Twitter’s Problems: Slow Growth in the US and Low-ROI for Small Business
publication date: Apr 25, 2018
author/source: Brian Nelson, CFA
Image Source: Xiaobin Lui
We like Twitter’s improved free cash flow generation and net cash position on the balance sheet, but it’s too hard for small businesses to build customer trust on the platform, and the lack of engagement from followers at mom-and-pop businesses is almost hard to believe. It seems like Twitter remains primarily a distribution platform for politicians, the media and celebrities, those already having exposure from other avenues. Small, mom-and-pop businesses – the bread and butter behind future advertising revenue at Twitter - can’t make Twitter work for them as returns on their investment remain minimal, at best.
By Brian Nelson, CFA
We had warmed up to Twitter (TWTR) in February because we thought the platform may hold more promise for small businesses, at least with respect to our experience. However, from our ongoing channel checks, we think this is now more doubtful. Consumers demand more than even the recently-raised 280-character limit when it comes to building trust, and given the flood of content, the attention span for most on social media isn’t sufficient enough to drive meaningful sales conversions from advertising initiatives on the Twitter platform, in our view.
Though we liked the company’s recent progress, especially when it reported fourth-quarter results in February, we’re not sure Twitter has staying power as a social media entity. Quite simply, Twitter has to do more for small businesses to believe that their tweets are actually being viewed and not going into a vast abyss of nothingness. Without the ad revenue from small businesses backing future growth initiatives, Twitter is stuck.
The challenge with the Twitter "story" is not that it is difficult to follow topics, interests, or events, but the platform lacks what its core should be: social. Twitter, today, has become more of a news source, and articles by large online syndication providers, for example, now sometimes are but a series of tweets with little commentary. Perhaps the only thing Twitter has going for it is the need for many businesses to initially gain “social proof,” which today, may even be more important than brand or reputation. For example, many consumers use the number of followers or likes as a benchmark for quality, fair or not. But once "social proof" occurs, there may be no need for businesses to keep pumping money into low-ROI advertisements.
That said, however, the company’s first-quarter report of 2018, released April 25, wasn’t bad. Revenue advanced 21% on a year-over-year basis, while data licensing and other revenue jumped at a near-similar pace. US revenue increased just 2% year-over-year, however, while international revenue drove most of the improvement in the quarter, up 53% on a year-over-year basis. We think the slow growth in the US is telling of the dynamics we have outlined in the prior paragraphs. Social proof for many businesses has already been achieved in the US. Why do they need to keep spending capital on money-losing advertising?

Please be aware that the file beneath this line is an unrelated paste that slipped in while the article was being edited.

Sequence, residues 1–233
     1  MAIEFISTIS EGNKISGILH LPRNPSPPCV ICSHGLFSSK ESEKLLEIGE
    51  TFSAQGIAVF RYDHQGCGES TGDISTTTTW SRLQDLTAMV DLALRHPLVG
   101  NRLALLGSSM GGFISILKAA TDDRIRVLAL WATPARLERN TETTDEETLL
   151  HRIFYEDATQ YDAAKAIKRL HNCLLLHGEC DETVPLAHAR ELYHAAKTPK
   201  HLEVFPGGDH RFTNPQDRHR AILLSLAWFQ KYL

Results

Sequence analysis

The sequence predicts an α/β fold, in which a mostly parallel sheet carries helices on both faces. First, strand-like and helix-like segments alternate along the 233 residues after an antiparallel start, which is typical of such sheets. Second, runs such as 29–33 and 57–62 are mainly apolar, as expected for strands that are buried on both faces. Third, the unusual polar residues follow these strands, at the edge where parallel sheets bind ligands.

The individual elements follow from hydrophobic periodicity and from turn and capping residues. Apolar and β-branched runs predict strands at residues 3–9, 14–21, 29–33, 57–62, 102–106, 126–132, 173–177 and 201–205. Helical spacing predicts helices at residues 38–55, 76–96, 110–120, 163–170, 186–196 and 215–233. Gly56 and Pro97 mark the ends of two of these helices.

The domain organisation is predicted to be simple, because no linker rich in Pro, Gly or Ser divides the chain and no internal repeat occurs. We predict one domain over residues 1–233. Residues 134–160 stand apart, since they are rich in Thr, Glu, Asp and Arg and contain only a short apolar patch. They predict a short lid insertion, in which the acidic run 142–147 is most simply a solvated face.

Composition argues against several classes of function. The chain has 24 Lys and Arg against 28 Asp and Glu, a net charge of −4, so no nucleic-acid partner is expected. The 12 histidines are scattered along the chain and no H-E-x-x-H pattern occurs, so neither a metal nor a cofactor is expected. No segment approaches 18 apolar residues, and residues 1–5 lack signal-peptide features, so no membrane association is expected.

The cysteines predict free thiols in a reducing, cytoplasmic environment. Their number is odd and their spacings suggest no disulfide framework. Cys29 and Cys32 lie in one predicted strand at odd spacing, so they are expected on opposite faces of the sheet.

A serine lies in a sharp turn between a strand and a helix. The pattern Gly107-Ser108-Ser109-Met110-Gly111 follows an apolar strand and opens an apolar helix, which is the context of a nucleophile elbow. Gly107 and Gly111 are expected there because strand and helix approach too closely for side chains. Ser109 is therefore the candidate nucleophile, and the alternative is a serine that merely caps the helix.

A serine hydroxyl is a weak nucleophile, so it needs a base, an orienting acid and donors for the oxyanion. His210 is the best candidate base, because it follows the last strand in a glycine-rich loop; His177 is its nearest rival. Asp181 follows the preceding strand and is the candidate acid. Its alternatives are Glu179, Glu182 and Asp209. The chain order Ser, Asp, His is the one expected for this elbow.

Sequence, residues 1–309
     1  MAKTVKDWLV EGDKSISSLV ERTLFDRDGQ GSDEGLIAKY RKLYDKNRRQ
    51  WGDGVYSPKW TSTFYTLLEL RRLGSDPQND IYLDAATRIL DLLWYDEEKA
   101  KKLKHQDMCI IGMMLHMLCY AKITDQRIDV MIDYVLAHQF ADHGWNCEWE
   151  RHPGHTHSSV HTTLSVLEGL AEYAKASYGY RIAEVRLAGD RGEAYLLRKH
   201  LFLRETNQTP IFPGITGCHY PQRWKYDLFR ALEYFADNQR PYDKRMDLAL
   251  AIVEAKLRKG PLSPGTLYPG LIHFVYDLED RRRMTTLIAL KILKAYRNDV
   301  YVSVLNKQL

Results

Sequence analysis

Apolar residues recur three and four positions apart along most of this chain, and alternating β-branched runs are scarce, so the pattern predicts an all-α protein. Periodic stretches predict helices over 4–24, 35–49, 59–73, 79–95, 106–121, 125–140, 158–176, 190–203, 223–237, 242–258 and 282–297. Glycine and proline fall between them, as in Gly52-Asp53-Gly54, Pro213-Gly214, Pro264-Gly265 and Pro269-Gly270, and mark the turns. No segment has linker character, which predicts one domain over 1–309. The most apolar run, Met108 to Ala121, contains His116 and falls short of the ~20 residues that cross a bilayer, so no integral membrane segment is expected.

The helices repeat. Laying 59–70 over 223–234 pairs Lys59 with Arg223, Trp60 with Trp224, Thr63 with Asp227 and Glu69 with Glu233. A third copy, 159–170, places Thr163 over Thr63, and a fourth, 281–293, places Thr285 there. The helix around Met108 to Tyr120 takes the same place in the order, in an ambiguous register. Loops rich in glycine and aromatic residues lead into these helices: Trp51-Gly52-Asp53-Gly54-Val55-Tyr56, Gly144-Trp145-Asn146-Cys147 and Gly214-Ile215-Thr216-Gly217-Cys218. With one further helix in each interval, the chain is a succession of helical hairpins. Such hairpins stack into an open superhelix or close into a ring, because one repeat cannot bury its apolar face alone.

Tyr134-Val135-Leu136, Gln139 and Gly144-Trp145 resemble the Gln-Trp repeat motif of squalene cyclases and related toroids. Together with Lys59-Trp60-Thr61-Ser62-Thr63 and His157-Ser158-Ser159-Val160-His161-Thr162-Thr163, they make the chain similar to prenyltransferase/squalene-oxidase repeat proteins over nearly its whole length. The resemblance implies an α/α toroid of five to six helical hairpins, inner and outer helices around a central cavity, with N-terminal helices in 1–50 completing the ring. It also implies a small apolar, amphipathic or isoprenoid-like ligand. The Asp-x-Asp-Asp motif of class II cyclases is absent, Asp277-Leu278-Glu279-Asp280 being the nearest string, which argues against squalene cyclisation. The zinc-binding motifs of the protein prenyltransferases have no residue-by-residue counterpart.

In any case, it was good to see Twitter’s GAAP net income jump to $61 million in the quarter from a loss of $62 million in the year-ago period. On a non-GAAP basis, net income leapt to $123 million compared to $53 million in last year’s quarter. Adjusted EBITDA margins in the quarter were solid, too, at 37% of total revenue, revealing ~6 percentage points of expansion versus the same period a year. Adjusted free cash flow improved to $135 million from $126 million in last year’s period, and Twitter ended the quarter with $4.5 billion in cash and cash equivalents, revealing tremendous option value. It holds about $1.65 billion in convertible notes on the books, its only meaningful source of obligations.
Looking ahead, Twitter offered a more-cautious outlook than what many had been anticipating, though the meager growth in the US for the quarter was probably telling of something internally “not quite right,” in our view. Specifically, Twitter noted that it faces “increasingly difficult comparables in the second half of 2018 as (it) approaches the anniversary of the broad-based recovery that began in the second half of 2017.” We take this to mean that performance thus far in the second quarter hasn’t been going that well either, and perhaps the excitement surrounding the potential of the increase to the 280-character limit has worn off. Perhaps what can’t work with 140 characters can’t work with 280 characters either, many might be finding out. Our fair value stands at $27 per share, though this might be optimistic. We continue to prefer Facebook (FB).
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Brian Nelson does not own shares in any of the securities mentioned above. Some of the companies written about in this article may be included in Valuentum's simulated newsletter portfolios. Contact Valuentum for more information about its editorial policies.